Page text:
6. Add a new vSwitch for Management and add the unused NIC. Set the IP address for the VMKernel port on your iSCSI IP range.
  7. Click “Storage Adapters”.
  8. Click “Software iSCSI initiator”.
  9. Click “Properties”.
  10. Click “Configure”.
  11. Enable the iSCSI adapter. This sets the initiators IQN name. Click OK.
  12. Click “Dynamic Discovery”.
  13. Click “Add”.
  14. Type the IP of the iSCSI appliance you built.
  15. If you enabled the incominguser options in /etc/ietd.conf then click CHAP. If you didn’t then skip to step 20.
  16. Uncheck “Inherit from Parent” under the “CHAP” section.
  17. Select “Use CHAP” in the drop down.
  18. Type the username and password you entered in /etc/ietd.conf.
  19. Click OK.
  20. Click OK.
  21. Click Close.
  22. You should be presented with an option to rescan the device. Accept this and ESXi will rescan the iSCSI initiator for LUNs.
  23. Add the newly found storage under the “Storage” settings in the usual manner, choosing Disk/LUN on the first screen.
  24. Repeat these actions on your second ESXi host.

Now it’s just a case of setting up a VM to run vCenter and attaching your ESX hosts as usual, all on iSCSI storage.

Now, I went for a physical iSCSI storage appliance, but you could use something like OpenFiler to add shared storage, and this could also be done with a VM in the same way as above. The reason I chose a seperate physical appliance was that I wanted to be able to fully test HA and DRS, and I wouldn’t have that option if my storage was on one of my physical hosts as I wouldn’t be able to turn that host off and simulate power failure and connectivity failures. If you don’t need this, then openfiler, or a purpose built virtual linux appliance, would work perfectly OK and still work for testing purposes.

The above hasn’t given me the greatest performance ever, but then I didn’t really expect that using a single 7.2K rpm SATA disk over iSCSI on a 1Gbps ethernet connection, but, it still gives me the option to test settings, environment changes and let’s me play around with different technologies without potentially damaging any production services.

Next Steps:
Investigate the binding issues
Investigate Jumbo Framing to see if this gives better performance

vApps in vSphere 4, and why they’re very, very useful

The week before last I attended the vSphere 4 Design Workshop at QA in Reading and came across something I’ve rarely actually¬†seen in use… vApps. It’s not something that many people pay attention to I don’t think, but in all honesty, they’re pretty awesome when you think about it even for internal use, in fact, the only place I’ve seen them is when downloading pre-built appliances from the marketplace… They’ve certainly made me re-think a few things…

Imagine this:

You have several ESX hosts running¬†a bunch of¬†virtual machines, and for some reason the power fails in the middle of the night and the UPS systems don’t have enough power to last until you get to the office in the morning (I’m talking worst case here basically, and you should have far more protection than that ideally)…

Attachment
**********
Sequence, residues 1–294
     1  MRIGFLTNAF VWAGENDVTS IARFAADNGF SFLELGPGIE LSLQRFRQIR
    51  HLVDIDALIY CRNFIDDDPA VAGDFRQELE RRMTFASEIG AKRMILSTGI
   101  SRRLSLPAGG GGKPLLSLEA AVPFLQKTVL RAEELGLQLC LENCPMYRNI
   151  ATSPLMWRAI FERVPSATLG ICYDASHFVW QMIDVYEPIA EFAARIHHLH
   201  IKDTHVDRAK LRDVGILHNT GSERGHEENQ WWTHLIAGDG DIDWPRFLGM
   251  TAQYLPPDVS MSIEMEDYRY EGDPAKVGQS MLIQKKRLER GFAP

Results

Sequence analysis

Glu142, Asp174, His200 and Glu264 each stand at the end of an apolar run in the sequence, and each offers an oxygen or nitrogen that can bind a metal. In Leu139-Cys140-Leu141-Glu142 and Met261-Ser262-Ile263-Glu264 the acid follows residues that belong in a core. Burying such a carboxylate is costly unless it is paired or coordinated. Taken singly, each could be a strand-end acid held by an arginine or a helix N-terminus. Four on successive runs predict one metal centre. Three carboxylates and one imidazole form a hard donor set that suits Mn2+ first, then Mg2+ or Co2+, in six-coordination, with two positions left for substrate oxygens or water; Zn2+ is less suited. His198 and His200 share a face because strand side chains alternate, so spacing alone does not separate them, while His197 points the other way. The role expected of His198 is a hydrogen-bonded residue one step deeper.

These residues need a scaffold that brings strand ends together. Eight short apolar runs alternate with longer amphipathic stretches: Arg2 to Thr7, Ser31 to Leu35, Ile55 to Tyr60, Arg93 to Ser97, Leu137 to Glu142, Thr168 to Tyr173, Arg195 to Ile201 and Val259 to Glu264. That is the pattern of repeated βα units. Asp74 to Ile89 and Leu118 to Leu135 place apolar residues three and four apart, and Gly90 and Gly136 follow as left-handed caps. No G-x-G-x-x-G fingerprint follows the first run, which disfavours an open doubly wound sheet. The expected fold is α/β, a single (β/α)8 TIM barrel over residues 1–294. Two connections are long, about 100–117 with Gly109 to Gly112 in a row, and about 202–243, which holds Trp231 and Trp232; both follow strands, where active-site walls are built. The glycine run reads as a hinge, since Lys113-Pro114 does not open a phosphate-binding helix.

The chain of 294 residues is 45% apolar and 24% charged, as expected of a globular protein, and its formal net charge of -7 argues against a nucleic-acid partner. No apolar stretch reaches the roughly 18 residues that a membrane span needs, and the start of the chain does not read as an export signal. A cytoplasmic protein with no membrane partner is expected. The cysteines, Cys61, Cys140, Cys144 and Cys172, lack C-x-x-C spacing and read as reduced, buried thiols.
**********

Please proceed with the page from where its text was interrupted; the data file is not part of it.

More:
When you come in the next morning (if you haven’t had a call in the middle of the night), and your systems are¬†finally¬†powered on, you’re going to have to boot each virtual machine to restore the network’s functionality, taking the usual route of Domain Controllers first, then mail servers, file servers, print servers so on and so forth until the network is operational again, each one being booted manually, or via some sort of PowerCLI script perhaps? Well, what if you could make that process 30 times easier? Well then, go take a look at vApps…

A vApp for all intents are purposes is a container of one, or more, virtual machines. BUT, what you can do with a vApp is specify boot order of the machines within that vApp… So, for instance, we all know that to boot an Exchange server we need Active Directory and DNS servers to be operational right?

Well… create a vApp, add the Domain Controllers, DNS servers and Exchange Mailbox Server, as well as the Exchange CAS server (just drag and drop them¬†in the vCenter console). Edit¬†the vApp’s¬†settings and you’ll find a tab called “Start Order”. Now, here you’ll find some “Groups” and all of the VM’s you added are probably listed in their own group. Make sure that your VM’s are listed in the correct order (use the up and down arrows), so that¬†Domain Controllers at the top, and the mailbox server at the bottom in this case. Now, if you put two machines in the same group, they’ll boot at the same time, otherwise it’s a top to bottom list (and reverse for shut down). My preference here is to change the settings for each VM so that the next machine will boot once VMware tools has loaded in the VM, so, tick the “VMware Tools are ready” check box. Whilst you’re doing this, set the “Shutdown Action” to “Guest Shutdown”.

That’s it… now that the machines are in a vApp and the start order is set, all you have to do is power on the vApp and¬†it’ll then automatically boot each VM in turn, waiting for either 2 minutes to pass (that’s the default which can be changed) or for VMware Tools to be started by the OS. Simple huh?

Now… I hear you say “But I have power on options for when my hosts boot”… yeah, but… what happens when DRS or manual vMotion is implemented and the VM is moved to another host, oh¬† yeah, it loses that setting for eternity (or at least until you manually add the rule on the host again)…

Oh… and you can¬†nest vApps too…